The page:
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Chapter 20, part 3 The Heart.

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Presentation on theme: "Chapter 20, part 3 The Heart."— Presentation transcript:

1 Chapter 20, part 3 The Heart

2 Contractile Cells Resting membrane potential of approximately –90mV
Action potential Rapid depolarization A plateau phase unique to cardiac muscle Repolarization Refractory period follows the action potential

3 Calcium Ion and Cardiac contraction
Cardiac action potentials cause an increase in Ca2+ around myofibrils Ca2+ enters the cell membranes during the plateau phase Additional Ca2+ is released from reserves in the sarcoplasmic reticulum

4 Figure 20.15 The Action Potential in Skeletal and Cardiac Muscle

5 Figure 20.15 The Action Potential in Skeletal and Cardiac Muscle

6 The cardiac cycle The period between the start of one heartbeat and the beginning of the next During a cardiac cycle Each heart chamber goes through systole and diastole Correct pressure relationships are dependent on careful timing of contractions PLAY Animation: Intrinsic Conduction System

7 Figure 20.16 Phases of the Cardiac Cycle

8 Figure 20.16 Phases of the Cardiac Cycle

9 Pressure and volume changes: atrial systole
rising atrial pressure pushes blood into the ventricle atrial systole the end-diastolic volume (EDV) of blood is in the ventricles

10 Pressure and volume changes: ventricular systole
Isovolumetric contraction of the ventricles: ventricles are contracting but there is no blood flow Ventricular pressure increases forcing blood through the semilunar valves

11 Pressure and volume changes: ventricular diastole
The period of isovolumetric relaxation when all heart valves are closed Atrial pressure forces the AV valves open

12 Figure 20.17 Pressure and Volume Relationships in the Cardiac Cycle

13 Heart sounds Auscultation – listening to heart sound via stethoscope
Four heart sounds S1 – “lubb” caused by the closing of the AV valves S2 – “dupp” caused by the closing of the semilunar valves S3 – a faint sound associated with blood flowing into the ventricles S4 – another faint sound associated with atrial contraction

14 Figure Heart Sounds Figure 20.18a, b

15 SECTION 20-4 Cardiodynamics

16 Stroke Volume and Cardiac Output
Cardiac output – the amount of blood pumped by each ventricle in one minute Cardiac output equals heart rate times stroke volume CO Cardiac output (ml/min) = HR Heart rate (beats/min) X SV Stroke volume (ml/beat)

17 Figure 20.19 A Simple Model of Stroke Volume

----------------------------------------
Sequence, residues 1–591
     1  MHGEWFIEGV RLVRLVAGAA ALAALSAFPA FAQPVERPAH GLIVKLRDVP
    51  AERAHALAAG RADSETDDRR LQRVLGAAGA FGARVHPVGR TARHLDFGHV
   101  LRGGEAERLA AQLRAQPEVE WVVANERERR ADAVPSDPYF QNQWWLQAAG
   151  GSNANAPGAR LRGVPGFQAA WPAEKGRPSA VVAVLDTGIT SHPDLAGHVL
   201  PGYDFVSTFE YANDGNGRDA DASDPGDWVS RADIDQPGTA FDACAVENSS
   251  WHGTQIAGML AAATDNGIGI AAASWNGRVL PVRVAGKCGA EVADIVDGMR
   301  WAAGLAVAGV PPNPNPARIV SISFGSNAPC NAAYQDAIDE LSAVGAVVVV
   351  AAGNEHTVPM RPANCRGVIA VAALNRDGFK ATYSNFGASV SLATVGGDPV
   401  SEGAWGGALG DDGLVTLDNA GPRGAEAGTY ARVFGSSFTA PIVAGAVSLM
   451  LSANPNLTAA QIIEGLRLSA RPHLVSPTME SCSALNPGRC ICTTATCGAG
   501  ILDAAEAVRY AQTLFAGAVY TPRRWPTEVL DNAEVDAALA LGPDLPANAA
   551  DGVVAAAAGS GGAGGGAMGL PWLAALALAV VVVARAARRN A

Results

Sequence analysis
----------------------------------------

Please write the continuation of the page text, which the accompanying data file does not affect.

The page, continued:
Figure 20.19a-d

18 Factors Affecting Heart Rate
Autonomic innervation Cardiac reflexes Tone SA node Hormones Epinephrine (E), norepinephrine(NE), and thyroid hormone (T3) Venous return

19 Figure 20.20 Factors Affecting Cardiac Output

20 Medulla Oblongata centers affect autonomic innervation
Cardioacceleratory center activates sympathetic neurons Cardioinhibitory center controls parasympathetic neurons Receives input from higher centers, monitoring blood pressure and dissolved gas concentrations

21 Figure 20.21 Autonomic Innervation of the Heart

22 Figure 20.21 Autonomic Innervation of the Heart

23 Basic heart rate established by pacemaker cells
SA node establishes baseline Modified by ANS Atrial reflex

24 Figure 20.22 Pacemaker Function

25 Figure 20.22 Pacemaker Function

26 Factors Affecting stoke volume
EDV Frank-Starling principle ESV Preload Contractility Afterload

27 Figure 20.23 Factors Affecting Stroke Volume

28 Figure 20.23 Factors Affecting Stroke Volume

29 Autonomic Activity Sympathetic stimulation Positive inotropic effect
Releases NE Parasympathetic stimulation Negative inotropic effect Releases ACh

30 Exercise and Cardiac Output
Heavy exercise can increase output by percent Trained athletes may increase cardiac output by 700 percent Cardiac reserve The difference between resting and maximal cardiac output PLAY Animation: Cardiac cycle

31 Summary: Regulation of Heart Rate and Stroke Volume
Sympathetic stimulation increases heart rate Parasympathetic stimulation decreases heart rate Circulating hormones, specifically E, NE, and T3, accelerate heart rate Increased venous return increases heart rate EDV is determined by available filling time and rate of venous return ESV is determined by preload, degree of contractility, and afterload

32 Figure 20.24 A Summary of the Factors Affecting Cardiac Output

33 SECTION 20-5 The Heart and the Cardiovascular System

34 The heart is part of the cardiovascular system
The goal of the cardiovascular system is to maintain adequate blood flow to all body tissues The heart works in conjunction with cardiovascular centers and peripheral blood vessels to achieve this goal

35 You should now be familiar with:
The organization of the cardiovascular system. The location and general features of the heart, including the pericardium. The differences between nodal cells and conducting cells as well as the components and functions of the conducting system of the heart. The electrical events associated with a normal electrocardiogram.

36 You should now be familiar with:
The events of the cardiac cycle including atrial and ventricular systole and diastole, and the heart sounds related to specific events in the cycle. Cardiac output, heart rate and stroke volume and the factors that influence these variables. How adjustments in stroke volume and cardiac output are coordinated at different levels of activity.

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